With a show for a religious crowd, they might respect you more if you were honest with them. Many people who are not Christians and try to sound so, often just sound uncomfortable, and out of place. Keep in mind that there are two types of religious crowds. There are those who go to church as a religious duty, and the gospel really has no influence on their daily lives (it's ok to do whatever to whoever as long as you go to church on Sunday).

There are also those whose lives have been changed by their relationship with God through Jesus. With the first group do whatever you want, but be careful with the second. Chances are they'll see through your act, if you are not sincere. Christians tend to support Christian artists, if they find out you are not sincere-they will feel like they have been conned, and likely have nothing to do with you.

I think it would be better to be honest, and hopfully earn their respect. They may even feel challenged to convert you. If that's the case, they treat you very nice; because they want you to like them. Be yourself, and be respectful to their beliefs.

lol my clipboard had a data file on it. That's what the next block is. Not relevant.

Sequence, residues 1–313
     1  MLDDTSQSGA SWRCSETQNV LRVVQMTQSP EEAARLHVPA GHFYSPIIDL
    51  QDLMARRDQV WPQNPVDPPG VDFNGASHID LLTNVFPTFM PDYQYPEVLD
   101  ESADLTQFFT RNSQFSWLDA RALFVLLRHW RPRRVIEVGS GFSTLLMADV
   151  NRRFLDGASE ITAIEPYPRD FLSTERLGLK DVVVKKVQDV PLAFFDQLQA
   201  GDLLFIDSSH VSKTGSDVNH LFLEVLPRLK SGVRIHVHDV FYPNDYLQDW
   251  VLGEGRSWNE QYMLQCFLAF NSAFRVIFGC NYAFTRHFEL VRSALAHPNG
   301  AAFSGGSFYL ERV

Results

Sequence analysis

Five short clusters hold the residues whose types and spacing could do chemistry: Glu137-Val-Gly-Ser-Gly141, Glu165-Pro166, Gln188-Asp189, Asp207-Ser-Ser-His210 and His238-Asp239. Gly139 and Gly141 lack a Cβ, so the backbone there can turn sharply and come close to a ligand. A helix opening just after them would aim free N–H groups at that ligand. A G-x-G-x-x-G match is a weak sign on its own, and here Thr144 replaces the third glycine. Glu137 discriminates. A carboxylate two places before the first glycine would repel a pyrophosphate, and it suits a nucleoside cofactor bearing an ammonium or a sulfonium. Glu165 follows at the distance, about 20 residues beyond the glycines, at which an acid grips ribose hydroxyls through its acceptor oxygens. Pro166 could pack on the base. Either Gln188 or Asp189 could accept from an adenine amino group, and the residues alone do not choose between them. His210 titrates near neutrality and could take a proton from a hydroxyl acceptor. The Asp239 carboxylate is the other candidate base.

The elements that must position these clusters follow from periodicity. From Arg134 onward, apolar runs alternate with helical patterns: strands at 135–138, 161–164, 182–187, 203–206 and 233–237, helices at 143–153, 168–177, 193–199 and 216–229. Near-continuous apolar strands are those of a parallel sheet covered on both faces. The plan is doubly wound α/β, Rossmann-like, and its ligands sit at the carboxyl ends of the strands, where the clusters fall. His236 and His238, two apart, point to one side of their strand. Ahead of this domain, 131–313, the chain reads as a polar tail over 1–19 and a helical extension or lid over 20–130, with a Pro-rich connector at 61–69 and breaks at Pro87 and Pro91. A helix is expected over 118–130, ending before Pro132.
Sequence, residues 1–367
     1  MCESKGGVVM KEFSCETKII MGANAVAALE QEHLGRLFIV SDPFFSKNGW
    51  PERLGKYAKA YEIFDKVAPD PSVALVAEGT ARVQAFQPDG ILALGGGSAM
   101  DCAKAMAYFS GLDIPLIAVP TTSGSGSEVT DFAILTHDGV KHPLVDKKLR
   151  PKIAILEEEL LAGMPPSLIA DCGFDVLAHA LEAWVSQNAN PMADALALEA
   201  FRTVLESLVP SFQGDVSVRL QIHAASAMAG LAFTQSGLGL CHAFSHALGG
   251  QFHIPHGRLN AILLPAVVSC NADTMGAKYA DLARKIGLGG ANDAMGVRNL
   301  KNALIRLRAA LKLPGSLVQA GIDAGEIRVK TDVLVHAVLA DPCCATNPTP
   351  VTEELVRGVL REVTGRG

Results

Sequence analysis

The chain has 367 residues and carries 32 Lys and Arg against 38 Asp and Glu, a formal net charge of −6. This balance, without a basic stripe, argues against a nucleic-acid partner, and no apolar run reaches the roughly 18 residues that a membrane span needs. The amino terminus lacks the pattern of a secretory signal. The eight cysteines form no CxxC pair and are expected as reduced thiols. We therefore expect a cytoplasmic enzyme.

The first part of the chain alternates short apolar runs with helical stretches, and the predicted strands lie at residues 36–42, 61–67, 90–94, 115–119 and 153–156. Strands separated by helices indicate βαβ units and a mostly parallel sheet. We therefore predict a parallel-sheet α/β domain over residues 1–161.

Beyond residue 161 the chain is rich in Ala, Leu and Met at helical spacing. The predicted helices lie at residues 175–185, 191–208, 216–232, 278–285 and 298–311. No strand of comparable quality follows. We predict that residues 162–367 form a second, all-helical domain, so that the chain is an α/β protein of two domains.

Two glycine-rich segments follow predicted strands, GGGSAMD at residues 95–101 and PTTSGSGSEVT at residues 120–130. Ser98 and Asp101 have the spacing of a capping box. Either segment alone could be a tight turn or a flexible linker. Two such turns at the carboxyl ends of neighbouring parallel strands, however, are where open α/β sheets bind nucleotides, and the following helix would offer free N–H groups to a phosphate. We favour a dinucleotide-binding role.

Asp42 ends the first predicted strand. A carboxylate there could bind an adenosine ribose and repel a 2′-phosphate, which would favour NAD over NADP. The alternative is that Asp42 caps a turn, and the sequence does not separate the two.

Chad C.
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Inner circle
1518 Posts

Profile of Chad C.
I have yet to do a show without speaking about Jesus Christ and what He did for us on the cross. I have a few tricks in each show that I use to illustrate this, and I have used them at every children's show I've done. I have never had a complaint about it from any children or their parents, as was mentioned earlier, this is a part of who I am and when I do a show it is always a part of the show. God promises that His word will never return void, and I have witnessed this truth firsthand.

One of my first shows was for a relative of mine, and I found out later that there was a Jewish couple in attendance, and that they almost walked out when I began speaking of Jesus. Instead, they told the b-day girl's parents that they stayed because they were interested to hear how I would incorporate the tricks with the message. Afterwards they said they would be interested in talking more about what we believe. God has shown me that He can and will change lives and He uses His children as His tools.

God Bless,